Newer Antibiotics May Be Best Choice to Combat Infection After LASIK and Other Refractive Surgery

June 2, 2009

As reported in the June 2009 issue of Ophthalmology published by the American Academy of Ophthalmology, researchers in South Korea treated samples of coagulase-negative staphylococci (CNS), Staphylococcus aureus, Streptococcus pneumoniae, and gram-negative bacilli obtained from conjunctiva swabs prior to refractive surgery with three newer-generation fluoroquinolones — gatifloxacin, moxifloxacin, and gemifloxacin — and two older-generation antibiotics in that class — ofloxacin and levofloxacin.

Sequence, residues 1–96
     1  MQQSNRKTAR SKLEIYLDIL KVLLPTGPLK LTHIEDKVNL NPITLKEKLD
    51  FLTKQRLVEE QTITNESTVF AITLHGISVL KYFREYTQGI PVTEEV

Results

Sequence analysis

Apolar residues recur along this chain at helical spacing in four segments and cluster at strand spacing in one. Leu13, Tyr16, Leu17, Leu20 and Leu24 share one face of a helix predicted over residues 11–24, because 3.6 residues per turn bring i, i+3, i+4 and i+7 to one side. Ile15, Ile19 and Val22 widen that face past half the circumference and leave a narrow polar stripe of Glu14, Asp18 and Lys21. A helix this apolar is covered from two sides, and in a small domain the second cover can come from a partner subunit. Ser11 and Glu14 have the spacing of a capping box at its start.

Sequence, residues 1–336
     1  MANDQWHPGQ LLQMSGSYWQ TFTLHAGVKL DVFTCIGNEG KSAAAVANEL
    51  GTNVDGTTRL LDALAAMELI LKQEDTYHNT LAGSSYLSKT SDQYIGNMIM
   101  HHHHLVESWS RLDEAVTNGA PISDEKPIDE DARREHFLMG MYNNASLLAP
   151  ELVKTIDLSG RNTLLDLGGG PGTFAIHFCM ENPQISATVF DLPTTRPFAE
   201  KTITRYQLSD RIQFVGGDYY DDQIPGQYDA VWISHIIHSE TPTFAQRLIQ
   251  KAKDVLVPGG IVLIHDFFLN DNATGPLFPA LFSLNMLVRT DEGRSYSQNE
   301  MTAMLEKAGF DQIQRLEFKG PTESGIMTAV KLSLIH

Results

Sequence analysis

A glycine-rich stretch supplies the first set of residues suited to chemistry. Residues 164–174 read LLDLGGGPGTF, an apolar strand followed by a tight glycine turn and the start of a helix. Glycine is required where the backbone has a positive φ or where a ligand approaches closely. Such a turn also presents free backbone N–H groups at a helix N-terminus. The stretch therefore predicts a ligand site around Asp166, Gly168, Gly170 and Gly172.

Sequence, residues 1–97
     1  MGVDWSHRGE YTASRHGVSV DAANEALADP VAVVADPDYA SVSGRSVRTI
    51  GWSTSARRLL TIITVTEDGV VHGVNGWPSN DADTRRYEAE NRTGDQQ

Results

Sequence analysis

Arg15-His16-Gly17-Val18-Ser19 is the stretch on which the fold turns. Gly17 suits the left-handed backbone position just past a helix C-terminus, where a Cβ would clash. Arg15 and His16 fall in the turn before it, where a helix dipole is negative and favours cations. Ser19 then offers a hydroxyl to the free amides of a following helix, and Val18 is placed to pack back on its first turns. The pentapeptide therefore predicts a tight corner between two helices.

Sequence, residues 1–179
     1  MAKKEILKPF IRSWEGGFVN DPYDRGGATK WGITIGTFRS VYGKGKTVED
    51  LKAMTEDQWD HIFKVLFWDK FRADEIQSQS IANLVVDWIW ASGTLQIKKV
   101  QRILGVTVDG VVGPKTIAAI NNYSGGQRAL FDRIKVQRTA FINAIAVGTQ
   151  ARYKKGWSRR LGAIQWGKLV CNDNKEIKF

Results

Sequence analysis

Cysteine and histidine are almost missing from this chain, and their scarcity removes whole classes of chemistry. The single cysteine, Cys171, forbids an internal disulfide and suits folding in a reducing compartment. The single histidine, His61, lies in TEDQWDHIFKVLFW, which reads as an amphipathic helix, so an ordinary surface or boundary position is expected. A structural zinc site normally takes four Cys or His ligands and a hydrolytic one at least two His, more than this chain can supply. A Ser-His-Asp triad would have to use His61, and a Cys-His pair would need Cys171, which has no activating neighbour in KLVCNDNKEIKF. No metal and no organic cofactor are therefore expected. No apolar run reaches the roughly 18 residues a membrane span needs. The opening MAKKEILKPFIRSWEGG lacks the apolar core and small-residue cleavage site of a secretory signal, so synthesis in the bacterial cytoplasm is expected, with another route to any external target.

Among the findings was that the three newer-generation antibiotics as a group were significantly more effective against methicillin-resistant CNS than the two older ones.  Specifically, for methicillin-resistant CNS, there was high-level resistance to ofloxacin and low-level resistance to levofloxacin, some level of resistance to gatifloxacin and moxifloxacin, and no resistance to gemifloxacin.

The researchers concluded that the conventional strategy of reserving newer antimicrobial agents for use only when initial treatment with the older antimicrobial fails may not be a wise strategy in connection with this class of antibiotics.

Read further details about the research on MedPage Today.

 

 



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